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RTM 330: Women, Leisure, and Ethnicity in the United States

Professor Veda Ward

Outreach Librarian, Liason to Geography and Recreation & Tourism Management Departments

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Brianna Limas
UL 102B
(818) 677-7696

APA Style Guides, 7th edition

This guide is a quick introduction to the American Psychological Association (APA) 7th Edition Style for citations, basic format, and sample annotated bibliography. Please be sure to consult the Publication Manual of the American Psychological Association 7th edition and/or the APA Style website for additional details.

Most Notable changes from APA 6th edition to 7th edition

  1. Publisher location is NOT included for book citations.
  2. In-text citations from works with three or more authors is shortened from the first time mentioned to (Hernandez et al., 2020)
  3. Include up to 20 authors in the reference.
  4. DOIs need to be formatted as clickable URLs such as   
  5. Don’t include “Retrieved from” in front of a URL unless a retrieval date is needed.
  6. For website citation include the website name, unless it is the same as the author.
  7. Clear guidelines for citing media contributors that are not authors or editors.

Media type

Include as author



TV series

Executive Producers


Host or Executive Producer



Online Streaming Video

Person/Group who uploaded the video

  1. Citation examples are provided for different types of online sources including: podcasts, youtube videos, and social media posts.
  2. Use the singular “they” as a gender neutral pronoun instead of he or she.
  3. Clear format guidelines are provided for student and professional research papers.
  4. More flexibility in font choices/size and include:
    1. Calibri 11
    2. Arial 11
    3. Lucida Sans Unicode 10
    4. Times New Roman 12
    5. Georgia 11
  5. The running head on the title page no longer includes the words Running head. It now only includes the title of the paper and the page number.
  6. Student papers do not need to include a running head. (Unless specified from your instructor)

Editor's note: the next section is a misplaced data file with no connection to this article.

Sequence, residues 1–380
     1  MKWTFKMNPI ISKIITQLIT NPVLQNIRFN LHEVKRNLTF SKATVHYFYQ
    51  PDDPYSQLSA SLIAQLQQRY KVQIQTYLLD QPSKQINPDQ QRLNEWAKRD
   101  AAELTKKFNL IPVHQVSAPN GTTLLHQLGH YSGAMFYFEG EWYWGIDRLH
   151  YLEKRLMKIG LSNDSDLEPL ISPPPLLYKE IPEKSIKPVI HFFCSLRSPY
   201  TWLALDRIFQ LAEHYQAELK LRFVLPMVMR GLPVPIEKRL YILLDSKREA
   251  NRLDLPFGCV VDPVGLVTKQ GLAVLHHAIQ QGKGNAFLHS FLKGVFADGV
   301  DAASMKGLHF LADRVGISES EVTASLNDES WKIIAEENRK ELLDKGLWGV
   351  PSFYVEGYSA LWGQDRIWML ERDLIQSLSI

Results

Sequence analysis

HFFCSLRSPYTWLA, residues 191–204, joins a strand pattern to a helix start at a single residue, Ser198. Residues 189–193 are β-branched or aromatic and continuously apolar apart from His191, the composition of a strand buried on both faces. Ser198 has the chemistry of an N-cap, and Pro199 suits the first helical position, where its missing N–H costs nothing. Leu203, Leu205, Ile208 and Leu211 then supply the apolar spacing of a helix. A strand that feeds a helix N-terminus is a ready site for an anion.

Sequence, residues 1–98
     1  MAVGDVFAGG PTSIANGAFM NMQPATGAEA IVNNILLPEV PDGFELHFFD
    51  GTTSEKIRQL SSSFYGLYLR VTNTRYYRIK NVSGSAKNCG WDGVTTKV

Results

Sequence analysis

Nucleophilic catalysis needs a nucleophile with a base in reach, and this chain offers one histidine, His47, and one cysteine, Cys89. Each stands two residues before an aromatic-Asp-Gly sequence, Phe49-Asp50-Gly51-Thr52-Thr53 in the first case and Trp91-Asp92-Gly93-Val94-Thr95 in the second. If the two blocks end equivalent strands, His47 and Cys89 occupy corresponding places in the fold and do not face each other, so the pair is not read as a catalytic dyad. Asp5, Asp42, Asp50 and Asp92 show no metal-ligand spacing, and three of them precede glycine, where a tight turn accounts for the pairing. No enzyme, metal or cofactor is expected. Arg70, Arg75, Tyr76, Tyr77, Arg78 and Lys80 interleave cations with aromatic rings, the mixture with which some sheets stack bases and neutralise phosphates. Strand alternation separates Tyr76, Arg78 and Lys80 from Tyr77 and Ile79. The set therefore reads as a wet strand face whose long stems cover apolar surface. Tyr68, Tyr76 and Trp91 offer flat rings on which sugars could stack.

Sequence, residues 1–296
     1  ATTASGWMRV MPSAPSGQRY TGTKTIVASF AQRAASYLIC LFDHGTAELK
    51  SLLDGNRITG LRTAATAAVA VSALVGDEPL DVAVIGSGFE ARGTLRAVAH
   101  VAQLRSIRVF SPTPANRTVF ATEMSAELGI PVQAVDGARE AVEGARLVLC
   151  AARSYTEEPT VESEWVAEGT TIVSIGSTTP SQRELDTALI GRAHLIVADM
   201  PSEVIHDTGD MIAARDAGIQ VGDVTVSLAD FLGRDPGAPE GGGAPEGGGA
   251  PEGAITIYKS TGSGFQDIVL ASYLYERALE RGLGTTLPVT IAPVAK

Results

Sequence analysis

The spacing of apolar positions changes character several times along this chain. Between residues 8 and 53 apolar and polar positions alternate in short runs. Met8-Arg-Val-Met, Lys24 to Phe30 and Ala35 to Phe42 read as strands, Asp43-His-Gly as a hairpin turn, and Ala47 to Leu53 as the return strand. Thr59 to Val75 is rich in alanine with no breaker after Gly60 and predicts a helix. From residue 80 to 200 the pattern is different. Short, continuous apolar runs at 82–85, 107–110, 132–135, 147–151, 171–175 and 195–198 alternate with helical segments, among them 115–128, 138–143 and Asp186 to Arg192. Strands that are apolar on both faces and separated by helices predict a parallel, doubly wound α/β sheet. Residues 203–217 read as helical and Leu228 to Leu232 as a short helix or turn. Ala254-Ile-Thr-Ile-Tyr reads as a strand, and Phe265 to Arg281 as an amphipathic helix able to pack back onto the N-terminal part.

7. At the end of a sentence, use one space instead of two.

Citing Images

  • All visual illustrations/images should be labeled Figure, and then numbered consecutively in italics.  (ex. Figure 1).
  • When referring the figure (in-text), make sure to capitalize Figure.  Do not refer to the image as “the figure below” or “the figure above.”
  • Image should be centered in the paper.
  • Image captions include title of image and a brief explanation.  Also provide source and copyright information.
  • Do not put a period after the URL.

You will need to provide as much information as possible.

  • Name of creator/creator/username of the image.
  • Role of the creator in parenthesis such as artist, sculptor, etc.
  • Year of creation in parenthesis. If there is no date available put (n.d.)
  • Title of image (in italics). If there is no title, create a description of the work.
  • Type of work (ex. illustration, map, cartoon, photograph, etc)
  • Retrieved from URL or database name

Last-name, first-name initial. (Role of the creator). (Year of creation). Title of image or description of work. [Type of work]. Retrieved from URL/database


The aurora borealis (see Figure 1) is a natural multicolor light display produced by solar wind particles seem in high latitude regions

Image Caption

Figure 1. Aurora Over Calgary and Spokane. This figure illustrates the aurora borealis aboard the International Space Station.  Image credit: NASA’s Marshall Space Flight Center via Flickr.

Works Cited

NASA’s Marshall Space Flight Center. (2012) Aurora Over Calgary and Spokane. [Digital Image].  Retrieved from

Purpose of Citation

  • Citation engages you in a scholarly conversation. By citing work, you're able to support it, show where's it's wrong, or expand it.  Properly formatted citations allow your readers to follow up on the work you've used so they can participate, too.
  • Citation bolsters your authority. Citation makes your arguments more credible and persuasive.
  • Citation gives credit to the original authors for their work. Scholars aren't paid for their contributions to peer-reviewed journals.  The credit that accrues to them when they're cited is the only way they can be rewarded for their efforts.

Citing Your Sources

How to Avoid Plagiarism

  1. Cite as you go. Keep a rough draft of your References list, using the pre-formatted citations from OneSearch or the databases, as you find sources.  As you read and take notes, make sure to include a parenthetical reference to the source.
  2. Stay focused on your own, original thesis.  Your research paper should make an original argument that you personally develop, although it is grounded in the literature and supported by evidence.  While the early stages of your research process might involve mostly notes on sources, by your final draft the focus should be on your own argument in your own words.
  3. To that end, use direct quotations sparingly.  No more than 10% of your final draft should be direct quotations.
  4. If a direct quotation is over 40 words long, start it on a new line, indented an extra half inch, with no quotation marks. See an example of this type of block quotation here.
  5. When in doubt, cite.

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